[Skip to Navigation]
May 1992

Lacerations Involving Glass: The Role of Routine Roentgenograms

Author Affiliations

From the Division of Pediatric Ambulatory Care (Emergency Medicine), Bronx (NY) Municipal Hospital Center (Dr Avner); the Department of Pediatrics, Albert Einstein College of Medicine, Bronx, NY (Dr Avner); the Division of General Pediatrics (Emergency Medicine), The Children's Hospital of Philadelphia (Pa) (Dr Baker); and the Department of Pediatrics, University of Pennsylvania School of Medicine (Dr Baker).

Am J Dis Child. 1992;146(5):600-602. doi:10.1001/archpedi.1992.02160170080020

• Objective.  —To determine, when evaluating a laceration caused by glass, whether seeing that the bottom of the wound is free of glass eliminates the possibility that glass is present in the wound.

Research Design.  —Prospective patient series.

Setting.  —Two pediatric emergency departments.

Participants.  —226 children with lacerations due to glass occurring in a period of 21 months.

Selection Procedures.  —Consecutive sample.

Interventions.  —Before obtaining a roentgenogram, the triage nurse or the managing physician visually inspected each wound and recorded whether the bottom of the wound was seen, if glass was seen in the wound, and the length and depth of the wound. Further treatment of the wound was at the discretion of the managing physician.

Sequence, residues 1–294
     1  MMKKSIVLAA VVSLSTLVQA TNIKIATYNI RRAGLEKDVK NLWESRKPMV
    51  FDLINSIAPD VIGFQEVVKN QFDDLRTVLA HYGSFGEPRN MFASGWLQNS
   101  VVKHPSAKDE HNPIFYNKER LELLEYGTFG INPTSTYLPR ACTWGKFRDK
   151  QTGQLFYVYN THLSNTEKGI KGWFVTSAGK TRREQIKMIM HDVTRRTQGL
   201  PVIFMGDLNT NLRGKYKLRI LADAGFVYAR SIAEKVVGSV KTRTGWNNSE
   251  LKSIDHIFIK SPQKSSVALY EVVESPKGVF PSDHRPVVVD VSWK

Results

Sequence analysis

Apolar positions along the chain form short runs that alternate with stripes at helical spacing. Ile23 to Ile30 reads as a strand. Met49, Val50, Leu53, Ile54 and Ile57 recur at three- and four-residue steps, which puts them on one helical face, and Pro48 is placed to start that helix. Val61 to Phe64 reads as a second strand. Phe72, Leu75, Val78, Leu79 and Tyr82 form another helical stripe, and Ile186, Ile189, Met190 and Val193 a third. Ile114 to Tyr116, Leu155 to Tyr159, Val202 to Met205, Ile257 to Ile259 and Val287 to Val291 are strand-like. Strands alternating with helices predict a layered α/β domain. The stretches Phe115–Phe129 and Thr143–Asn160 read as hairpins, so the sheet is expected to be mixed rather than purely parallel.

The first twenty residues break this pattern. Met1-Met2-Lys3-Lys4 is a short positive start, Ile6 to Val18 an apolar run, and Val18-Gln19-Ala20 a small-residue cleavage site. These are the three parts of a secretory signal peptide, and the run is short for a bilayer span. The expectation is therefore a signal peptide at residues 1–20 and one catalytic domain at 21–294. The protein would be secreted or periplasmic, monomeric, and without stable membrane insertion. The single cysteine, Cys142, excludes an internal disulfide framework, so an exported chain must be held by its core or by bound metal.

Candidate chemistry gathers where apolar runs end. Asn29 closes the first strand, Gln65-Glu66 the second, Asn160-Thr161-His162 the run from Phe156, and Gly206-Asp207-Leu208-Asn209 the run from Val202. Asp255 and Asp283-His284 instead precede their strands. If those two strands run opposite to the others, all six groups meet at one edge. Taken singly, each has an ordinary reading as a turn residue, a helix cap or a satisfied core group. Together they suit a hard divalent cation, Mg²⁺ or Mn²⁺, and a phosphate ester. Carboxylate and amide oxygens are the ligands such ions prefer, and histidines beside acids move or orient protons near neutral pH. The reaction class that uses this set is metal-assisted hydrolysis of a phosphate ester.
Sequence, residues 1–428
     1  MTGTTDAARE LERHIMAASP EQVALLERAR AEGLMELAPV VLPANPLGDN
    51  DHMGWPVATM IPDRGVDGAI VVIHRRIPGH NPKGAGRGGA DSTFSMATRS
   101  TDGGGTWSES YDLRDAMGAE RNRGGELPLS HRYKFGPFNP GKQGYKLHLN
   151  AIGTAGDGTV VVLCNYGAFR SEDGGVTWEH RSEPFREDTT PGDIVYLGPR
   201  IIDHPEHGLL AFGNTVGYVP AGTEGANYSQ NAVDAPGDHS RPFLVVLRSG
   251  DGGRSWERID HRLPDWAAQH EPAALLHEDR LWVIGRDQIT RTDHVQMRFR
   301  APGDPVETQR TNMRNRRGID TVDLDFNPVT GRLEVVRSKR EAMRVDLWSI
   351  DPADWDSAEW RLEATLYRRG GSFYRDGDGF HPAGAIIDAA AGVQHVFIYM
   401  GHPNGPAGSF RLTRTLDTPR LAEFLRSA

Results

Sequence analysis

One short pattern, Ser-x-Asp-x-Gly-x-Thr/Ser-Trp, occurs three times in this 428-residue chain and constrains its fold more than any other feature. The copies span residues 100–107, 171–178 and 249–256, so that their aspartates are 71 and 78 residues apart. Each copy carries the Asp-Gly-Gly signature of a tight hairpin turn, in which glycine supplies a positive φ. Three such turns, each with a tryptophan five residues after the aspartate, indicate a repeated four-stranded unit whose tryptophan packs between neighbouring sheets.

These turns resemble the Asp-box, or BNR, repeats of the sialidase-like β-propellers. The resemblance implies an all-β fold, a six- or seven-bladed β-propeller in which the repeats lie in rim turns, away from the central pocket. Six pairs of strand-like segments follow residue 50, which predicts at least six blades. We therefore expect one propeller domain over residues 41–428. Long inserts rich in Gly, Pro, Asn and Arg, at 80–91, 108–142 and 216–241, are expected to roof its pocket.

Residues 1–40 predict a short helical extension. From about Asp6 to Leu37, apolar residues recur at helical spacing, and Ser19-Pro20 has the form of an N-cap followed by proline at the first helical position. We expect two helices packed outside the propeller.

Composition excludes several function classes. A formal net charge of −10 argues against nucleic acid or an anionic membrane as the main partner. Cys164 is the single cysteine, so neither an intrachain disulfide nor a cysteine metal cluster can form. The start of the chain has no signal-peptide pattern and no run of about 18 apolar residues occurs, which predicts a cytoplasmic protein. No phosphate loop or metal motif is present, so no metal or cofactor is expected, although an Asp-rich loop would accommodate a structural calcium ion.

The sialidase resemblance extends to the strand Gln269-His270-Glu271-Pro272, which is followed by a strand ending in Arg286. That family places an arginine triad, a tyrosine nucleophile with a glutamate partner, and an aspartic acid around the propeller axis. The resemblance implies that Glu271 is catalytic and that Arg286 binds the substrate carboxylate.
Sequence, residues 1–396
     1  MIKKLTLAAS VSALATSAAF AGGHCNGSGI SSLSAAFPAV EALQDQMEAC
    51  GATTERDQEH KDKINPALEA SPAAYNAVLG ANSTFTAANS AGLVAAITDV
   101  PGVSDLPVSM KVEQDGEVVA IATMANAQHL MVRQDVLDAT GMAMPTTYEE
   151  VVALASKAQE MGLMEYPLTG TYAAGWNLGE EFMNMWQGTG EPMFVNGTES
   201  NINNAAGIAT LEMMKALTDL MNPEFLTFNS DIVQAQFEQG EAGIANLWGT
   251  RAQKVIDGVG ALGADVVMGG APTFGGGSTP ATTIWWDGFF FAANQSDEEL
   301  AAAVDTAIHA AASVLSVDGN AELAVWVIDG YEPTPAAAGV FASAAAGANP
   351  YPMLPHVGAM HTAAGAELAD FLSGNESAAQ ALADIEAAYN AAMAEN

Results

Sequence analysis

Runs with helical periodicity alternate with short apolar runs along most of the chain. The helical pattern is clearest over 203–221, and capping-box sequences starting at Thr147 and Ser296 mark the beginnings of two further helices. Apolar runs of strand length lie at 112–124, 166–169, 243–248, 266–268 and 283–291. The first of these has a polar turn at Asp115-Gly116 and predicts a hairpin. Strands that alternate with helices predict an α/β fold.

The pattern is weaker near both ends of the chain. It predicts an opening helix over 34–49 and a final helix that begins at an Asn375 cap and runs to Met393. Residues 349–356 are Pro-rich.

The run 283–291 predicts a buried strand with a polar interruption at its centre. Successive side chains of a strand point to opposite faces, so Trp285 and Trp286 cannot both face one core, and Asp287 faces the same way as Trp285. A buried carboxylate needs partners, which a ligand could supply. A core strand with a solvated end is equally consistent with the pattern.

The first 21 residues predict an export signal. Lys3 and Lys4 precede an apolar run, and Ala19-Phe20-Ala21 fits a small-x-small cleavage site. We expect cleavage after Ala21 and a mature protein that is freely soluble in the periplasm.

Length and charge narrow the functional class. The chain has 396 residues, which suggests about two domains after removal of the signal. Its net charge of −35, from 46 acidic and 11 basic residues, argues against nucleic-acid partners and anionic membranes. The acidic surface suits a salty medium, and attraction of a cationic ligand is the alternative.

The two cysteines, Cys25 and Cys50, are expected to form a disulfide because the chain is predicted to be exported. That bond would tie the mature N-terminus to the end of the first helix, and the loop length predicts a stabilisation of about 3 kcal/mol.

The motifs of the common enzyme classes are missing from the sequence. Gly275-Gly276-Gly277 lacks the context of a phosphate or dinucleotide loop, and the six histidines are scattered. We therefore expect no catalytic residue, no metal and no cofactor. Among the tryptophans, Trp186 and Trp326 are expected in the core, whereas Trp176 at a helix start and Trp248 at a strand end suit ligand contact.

Measurements/Main Results.  —Glass was seen in the wounds of 10 children on initial inspection. Of the remaining 216 injuries, glass was contained in 12 (21.4%) of the 56 lacerations when the bottom of the wound was not visualized, and in 11(6.9%) of the 160 lacerations when the bottom of the wound was visualized. There was a significant association between the depth of the wound and an inability to see the bottom of the wound, and deeper wounds were significantly more likely to contain glass. All but one of the lacerations containing glass had a depth of at least 0.5 cm.

Conclusions.  —In the population studied, seeing that the bottom of the laceration was free of glass reduced, but did not eliminate, the possibility that glass was present in the wound. In addition, superficial lacerations (<0.5 cm) rarely contained undetected glass fragments. We recommend that further investigation concerning the mechanism of injury, the depth of the wound, and the type of glass involved is needed before physicians abandon routine roentgenography for lacerations due to glass.(AJDC. 1992;146:600-602)

Add or change institution